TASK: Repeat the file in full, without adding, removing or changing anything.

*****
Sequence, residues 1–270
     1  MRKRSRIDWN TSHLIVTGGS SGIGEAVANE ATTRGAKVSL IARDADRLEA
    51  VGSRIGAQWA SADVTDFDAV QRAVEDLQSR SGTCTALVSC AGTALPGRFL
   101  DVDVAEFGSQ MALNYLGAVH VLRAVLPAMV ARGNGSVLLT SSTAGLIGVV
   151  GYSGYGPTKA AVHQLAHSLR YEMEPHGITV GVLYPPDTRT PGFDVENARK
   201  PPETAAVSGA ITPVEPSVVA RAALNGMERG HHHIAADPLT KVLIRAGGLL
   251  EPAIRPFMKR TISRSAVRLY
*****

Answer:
Sequence, residues 1–270
     1  MRKRSRIDWN TSHLIVTGGS SGIGEAVANE ATTRGAKVSL IARDADRLEA
    51  VGSRIGAQWA SADVTDFDAV QRAVEDLQSR SGTCTALVSC AGTALPGRFL
   101  DVDVAEFGSQ MALNYLGAVH VLRAVLPAMV ARGNGSVLLT SSTAGLIGVV
   151  GYSGYGPTKA AVHQLAHSLR YEMEPHGITV GVLYPPDTRT PGFDVENARK
   201  PPETAAVSGA ITPVEPSVVA RAALNGMERG HHHIAADPLT KVLIRAGGLL
   251  EPAIRPFMKR TISRSAVRLY